To begin with, the Court of Appeal emphasized that the Department’s action did not constitute a “demotion,” based on a similar ruling in Guinn v. County of San Bernardino. (See (2010) 184 Cal.App.4th 941, 946-947, citing, Swift v. County of Placer (1984) 153 Cal.App.3d 209).  The Court of Appeal was not persuaded by Conger’s attempt to distinguish Guinn because that officer’s poor performance had occurred during the promotional probationary period, not before.  According to the Court of Appeal, the key consideration in both cases was that “the adverse action took place during a period when promotion was not yet permanent, and the employer was still evaluating whether the officer deserved the higher position.”  The Court noted that such a view was consistent with basic principles of due process under which a rejected probationary employee, such as Conger, has no right to a hearing due to the lack of a vested property interest.  Conger had raised numerous other cases, which the Court of Appeal found inapposite, including Henneberque v. City of Culver City, which had pre-dated the exclusion of probationary officers under Section 3304(b).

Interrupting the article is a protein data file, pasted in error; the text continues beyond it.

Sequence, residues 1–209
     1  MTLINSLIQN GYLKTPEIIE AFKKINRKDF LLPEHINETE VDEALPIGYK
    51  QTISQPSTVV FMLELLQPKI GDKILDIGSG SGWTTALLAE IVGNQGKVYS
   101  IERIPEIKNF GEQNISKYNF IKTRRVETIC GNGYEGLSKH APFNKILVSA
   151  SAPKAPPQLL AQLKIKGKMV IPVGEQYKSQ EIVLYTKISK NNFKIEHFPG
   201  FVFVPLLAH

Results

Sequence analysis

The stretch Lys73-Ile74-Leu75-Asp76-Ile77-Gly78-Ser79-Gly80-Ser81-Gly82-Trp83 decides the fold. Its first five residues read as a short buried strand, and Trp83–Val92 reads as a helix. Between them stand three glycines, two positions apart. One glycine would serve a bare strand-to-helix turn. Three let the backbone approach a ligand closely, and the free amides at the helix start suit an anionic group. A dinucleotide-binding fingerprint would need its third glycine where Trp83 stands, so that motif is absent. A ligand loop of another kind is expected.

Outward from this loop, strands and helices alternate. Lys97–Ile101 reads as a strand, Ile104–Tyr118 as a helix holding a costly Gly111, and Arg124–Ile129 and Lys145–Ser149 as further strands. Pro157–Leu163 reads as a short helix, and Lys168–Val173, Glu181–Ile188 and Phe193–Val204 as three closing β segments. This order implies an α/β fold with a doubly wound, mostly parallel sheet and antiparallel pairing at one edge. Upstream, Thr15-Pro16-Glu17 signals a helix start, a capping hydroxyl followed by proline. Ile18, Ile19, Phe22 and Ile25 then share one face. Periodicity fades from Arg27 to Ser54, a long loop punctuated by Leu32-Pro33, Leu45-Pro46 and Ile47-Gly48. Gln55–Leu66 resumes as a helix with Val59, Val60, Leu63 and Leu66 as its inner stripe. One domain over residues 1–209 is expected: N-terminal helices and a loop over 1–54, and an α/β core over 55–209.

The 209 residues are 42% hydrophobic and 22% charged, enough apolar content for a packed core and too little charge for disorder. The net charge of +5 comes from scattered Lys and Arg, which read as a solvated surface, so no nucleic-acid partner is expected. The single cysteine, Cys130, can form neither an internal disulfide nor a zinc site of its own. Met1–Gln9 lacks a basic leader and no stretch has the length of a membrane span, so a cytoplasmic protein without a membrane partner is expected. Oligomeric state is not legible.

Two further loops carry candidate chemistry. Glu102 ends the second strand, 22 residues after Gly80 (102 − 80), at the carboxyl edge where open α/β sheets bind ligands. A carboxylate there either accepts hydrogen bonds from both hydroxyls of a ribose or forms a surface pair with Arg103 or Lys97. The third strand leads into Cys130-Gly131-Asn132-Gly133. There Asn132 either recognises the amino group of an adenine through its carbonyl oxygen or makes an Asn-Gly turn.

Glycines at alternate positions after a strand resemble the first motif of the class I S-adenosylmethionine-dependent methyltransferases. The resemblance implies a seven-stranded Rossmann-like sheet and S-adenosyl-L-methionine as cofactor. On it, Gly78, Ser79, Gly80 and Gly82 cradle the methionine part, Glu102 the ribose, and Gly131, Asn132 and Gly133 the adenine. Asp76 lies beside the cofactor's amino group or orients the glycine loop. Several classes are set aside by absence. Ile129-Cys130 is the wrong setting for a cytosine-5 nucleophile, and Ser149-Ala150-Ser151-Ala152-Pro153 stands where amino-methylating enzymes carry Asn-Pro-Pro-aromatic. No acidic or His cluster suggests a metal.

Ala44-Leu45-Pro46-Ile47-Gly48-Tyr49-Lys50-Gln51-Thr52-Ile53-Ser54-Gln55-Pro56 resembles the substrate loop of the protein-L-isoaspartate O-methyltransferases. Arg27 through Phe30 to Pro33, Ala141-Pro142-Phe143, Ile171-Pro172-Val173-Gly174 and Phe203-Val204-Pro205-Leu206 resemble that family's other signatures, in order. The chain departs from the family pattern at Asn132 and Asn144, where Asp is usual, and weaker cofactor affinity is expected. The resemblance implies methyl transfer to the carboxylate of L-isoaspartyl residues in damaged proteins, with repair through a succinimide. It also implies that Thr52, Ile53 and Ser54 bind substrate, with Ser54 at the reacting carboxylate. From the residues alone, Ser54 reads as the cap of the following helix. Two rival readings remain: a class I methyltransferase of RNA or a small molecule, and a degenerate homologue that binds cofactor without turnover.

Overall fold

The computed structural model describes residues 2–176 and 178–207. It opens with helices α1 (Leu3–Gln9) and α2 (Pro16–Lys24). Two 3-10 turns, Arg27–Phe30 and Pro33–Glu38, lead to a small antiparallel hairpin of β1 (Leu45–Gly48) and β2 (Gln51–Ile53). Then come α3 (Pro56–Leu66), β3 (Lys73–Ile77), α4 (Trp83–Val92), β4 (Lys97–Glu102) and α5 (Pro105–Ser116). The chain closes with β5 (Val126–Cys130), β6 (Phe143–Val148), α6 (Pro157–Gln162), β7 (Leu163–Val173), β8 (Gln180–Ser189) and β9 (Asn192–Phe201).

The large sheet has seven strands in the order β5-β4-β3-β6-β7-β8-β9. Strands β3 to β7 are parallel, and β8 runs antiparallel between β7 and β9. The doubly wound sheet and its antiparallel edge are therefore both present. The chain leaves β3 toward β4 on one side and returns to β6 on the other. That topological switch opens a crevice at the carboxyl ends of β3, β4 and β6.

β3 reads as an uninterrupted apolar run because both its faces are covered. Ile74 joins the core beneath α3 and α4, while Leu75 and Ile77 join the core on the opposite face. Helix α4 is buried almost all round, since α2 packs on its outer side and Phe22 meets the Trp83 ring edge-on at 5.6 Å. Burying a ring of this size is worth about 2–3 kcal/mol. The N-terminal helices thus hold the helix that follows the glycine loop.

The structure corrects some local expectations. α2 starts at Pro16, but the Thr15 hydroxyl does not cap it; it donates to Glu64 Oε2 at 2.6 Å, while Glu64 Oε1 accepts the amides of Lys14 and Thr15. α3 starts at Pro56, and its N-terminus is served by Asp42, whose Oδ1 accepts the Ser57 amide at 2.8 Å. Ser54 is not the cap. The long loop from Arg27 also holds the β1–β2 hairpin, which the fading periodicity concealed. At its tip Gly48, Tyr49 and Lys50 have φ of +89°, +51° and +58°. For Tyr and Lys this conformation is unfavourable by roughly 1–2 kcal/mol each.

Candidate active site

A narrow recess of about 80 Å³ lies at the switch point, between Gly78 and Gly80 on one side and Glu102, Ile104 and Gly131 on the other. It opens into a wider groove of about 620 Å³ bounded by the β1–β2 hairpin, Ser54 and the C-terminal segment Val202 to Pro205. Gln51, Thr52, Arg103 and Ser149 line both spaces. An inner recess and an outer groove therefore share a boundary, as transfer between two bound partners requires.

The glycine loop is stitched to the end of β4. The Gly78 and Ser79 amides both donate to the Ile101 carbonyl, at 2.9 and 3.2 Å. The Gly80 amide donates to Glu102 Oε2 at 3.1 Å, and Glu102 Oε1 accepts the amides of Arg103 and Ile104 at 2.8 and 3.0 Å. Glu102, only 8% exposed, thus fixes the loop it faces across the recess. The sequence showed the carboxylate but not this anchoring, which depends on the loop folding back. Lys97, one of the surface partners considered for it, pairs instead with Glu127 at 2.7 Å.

Next, the Court of Appeal considered whether the denial of promotion to Conger was “on grounds other than merit.”  In that regard, the Court of Appeal observed:

The ability to comply with department procedures and ensure subordinates follow those procedures is substantially related to successful performance in a supervisory position.  Conger did not demonstrate competence as a supervisor when he failed to report a use of force per Department policy and failed to direct his subordinates to do so.